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Around the region
If you’ve been following Washington’s wolf management history, you likely know that it’s a tumultuous one. The Washington Department of Fish and Wildlife’s tendency to kill wolves (even whole wolf packs) instead of exhausting appropriate nonlethal measures first often comes under scrutiny. Unfortunately, their recent decision to kill remaining members of the Wedge Pack is no different. For more information, check out this press release from our partners at the Center for Biological Diversity.
Science and Research
The decision to reintroduce wolves into Yellowstone National Park was not only an important step to right a historic wrong (namely, the extirpation of the species), but also has provided the scientific community a unique “laboratory” by which they can study ecosystem impact.
“So what have scientists learned in 25 years? True to their keystones species role in the Greater Yellowstone Ecosystem, the wolves created what ecologist call a trophic cascade. Basically, once they resumed their role as a dominant predator, the effects rippled through the ecosystem. Wolves knocked down the elk population, willows sprung back, and beavers benefitted, which resulted in more beaver ponds that in turn created habitat for other aquatic animals.”
In a move surprising to no one, The Trump Administration recently announced their proposal to roll back critical habitat protections for the imperiled Northern Spotted Owl. In Oregon specifically, that could mean over 200,000 acres of critical habitat would be removed, a huge loss for an already fragile species. The public comment period is officially open, so please send the US Fish and Wildlife Service a comment with your concerns before October 13th!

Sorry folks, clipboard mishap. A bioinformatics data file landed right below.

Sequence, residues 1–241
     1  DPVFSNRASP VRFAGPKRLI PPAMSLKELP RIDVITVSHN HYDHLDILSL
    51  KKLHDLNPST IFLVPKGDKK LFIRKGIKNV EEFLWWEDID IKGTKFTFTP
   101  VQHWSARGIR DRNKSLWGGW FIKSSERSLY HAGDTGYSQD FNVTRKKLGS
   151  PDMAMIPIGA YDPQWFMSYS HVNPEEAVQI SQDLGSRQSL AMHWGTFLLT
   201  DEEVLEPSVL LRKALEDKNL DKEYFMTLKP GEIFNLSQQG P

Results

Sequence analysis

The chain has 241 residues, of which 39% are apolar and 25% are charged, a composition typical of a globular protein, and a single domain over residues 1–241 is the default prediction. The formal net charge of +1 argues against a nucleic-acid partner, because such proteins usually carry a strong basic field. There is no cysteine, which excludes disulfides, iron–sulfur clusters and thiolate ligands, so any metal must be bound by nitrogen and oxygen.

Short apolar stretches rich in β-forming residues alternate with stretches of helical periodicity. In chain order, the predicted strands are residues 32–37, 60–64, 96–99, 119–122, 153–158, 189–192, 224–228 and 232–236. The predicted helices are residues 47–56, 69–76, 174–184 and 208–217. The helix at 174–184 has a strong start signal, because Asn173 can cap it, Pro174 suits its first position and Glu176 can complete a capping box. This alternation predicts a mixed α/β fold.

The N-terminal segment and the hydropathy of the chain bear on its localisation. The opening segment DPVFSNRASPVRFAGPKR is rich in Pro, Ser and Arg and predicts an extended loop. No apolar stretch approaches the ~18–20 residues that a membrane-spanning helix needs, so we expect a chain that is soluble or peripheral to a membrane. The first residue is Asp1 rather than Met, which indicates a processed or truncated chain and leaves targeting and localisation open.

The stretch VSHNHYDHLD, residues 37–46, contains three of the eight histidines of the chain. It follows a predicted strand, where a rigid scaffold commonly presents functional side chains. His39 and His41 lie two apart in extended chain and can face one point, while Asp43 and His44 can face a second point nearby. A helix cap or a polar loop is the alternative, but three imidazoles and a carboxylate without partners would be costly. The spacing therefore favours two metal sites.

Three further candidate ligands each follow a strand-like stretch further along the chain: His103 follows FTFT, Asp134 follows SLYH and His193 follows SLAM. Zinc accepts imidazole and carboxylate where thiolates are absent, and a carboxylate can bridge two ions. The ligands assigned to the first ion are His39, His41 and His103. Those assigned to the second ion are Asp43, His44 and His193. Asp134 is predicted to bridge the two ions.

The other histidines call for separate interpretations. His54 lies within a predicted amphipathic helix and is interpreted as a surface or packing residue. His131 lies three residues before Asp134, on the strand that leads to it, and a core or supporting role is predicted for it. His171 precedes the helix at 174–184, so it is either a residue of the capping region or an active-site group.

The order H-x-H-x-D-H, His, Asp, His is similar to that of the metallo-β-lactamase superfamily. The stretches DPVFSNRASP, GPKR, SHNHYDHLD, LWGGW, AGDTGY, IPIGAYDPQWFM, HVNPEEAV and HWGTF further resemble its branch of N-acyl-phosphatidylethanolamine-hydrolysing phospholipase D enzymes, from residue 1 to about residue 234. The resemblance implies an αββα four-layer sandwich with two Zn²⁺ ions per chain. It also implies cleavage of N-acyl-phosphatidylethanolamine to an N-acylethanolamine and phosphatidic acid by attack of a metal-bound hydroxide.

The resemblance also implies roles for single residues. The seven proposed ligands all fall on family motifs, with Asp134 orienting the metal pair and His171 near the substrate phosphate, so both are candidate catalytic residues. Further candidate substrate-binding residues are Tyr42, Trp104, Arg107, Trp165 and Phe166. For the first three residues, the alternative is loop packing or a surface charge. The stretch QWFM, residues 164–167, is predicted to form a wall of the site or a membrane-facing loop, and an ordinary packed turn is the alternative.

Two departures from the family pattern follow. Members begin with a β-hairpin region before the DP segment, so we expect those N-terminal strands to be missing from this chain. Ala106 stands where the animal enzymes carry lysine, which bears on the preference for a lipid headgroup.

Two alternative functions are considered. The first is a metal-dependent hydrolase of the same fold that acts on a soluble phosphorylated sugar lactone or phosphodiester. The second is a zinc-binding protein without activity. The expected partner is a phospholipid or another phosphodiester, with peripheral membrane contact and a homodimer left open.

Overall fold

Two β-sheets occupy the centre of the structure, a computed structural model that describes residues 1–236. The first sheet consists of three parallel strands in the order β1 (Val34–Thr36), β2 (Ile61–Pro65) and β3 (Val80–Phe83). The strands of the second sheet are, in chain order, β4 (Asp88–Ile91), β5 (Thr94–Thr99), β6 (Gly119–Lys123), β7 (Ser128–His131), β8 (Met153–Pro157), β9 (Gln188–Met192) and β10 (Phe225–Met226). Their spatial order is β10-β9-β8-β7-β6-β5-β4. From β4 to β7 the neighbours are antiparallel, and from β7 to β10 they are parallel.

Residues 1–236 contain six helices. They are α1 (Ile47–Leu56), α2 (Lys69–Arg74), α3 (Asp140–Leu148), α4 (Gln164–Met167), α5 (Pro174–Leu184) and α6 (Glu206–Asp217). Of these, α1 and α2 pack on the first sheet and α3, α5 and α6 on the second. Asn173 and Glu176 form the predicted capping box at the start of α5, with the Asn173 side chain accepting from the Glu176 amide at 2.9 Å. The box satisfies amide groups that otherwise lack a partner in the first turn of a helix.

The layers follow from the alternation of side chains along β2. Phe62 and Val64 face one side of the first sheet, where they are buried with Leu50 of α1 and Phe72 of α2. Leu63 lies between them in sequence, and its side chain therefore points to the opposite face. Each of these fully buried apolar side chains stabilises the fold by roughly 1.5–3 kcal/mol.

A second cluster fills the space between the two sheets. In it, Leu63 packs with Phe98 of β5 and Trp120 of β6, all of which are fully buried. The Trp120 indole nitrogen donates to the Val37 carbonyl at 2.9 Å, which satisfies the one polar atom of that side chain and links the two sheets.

In better news, our partners in conservation recently won protections for salmon and steelhead on the Willamette River. The judge ruled that the US Army Corps of Engineers and the National Marine Fisheries Service failed to take necessary steps to protect these fish in violation of the Endangered Species Act. The Corps has known for years that they must do more to support fish passage and water quality, which the judge has now affirmed. This is a great win for two of Oregon’s most iconic fish species!
IN THE NEWS
This is just awful and really underscores the importance of protecting and restoring all of nature’s ecosystems, but especially those most vulnerable and fragile.
Kudos to our friends at the Xerces Society for fighting for the little things (in this case, freshwater mussels) that make the world work!
It’s so fantastic to see that Tahlequah (the orca who carried around her dead calf for 17 days) is pregnant again!
Please help show your support for Oregon Wild by joining us on October 9th at 7PM for our annual, camp-inspired benefit, Call of the Wild. While we won’t be able to gather together in person, we are still looking forward to celebrating (virtually) our collective efforts to protect and restore Oregon’s wildlands, wildlife, and waters!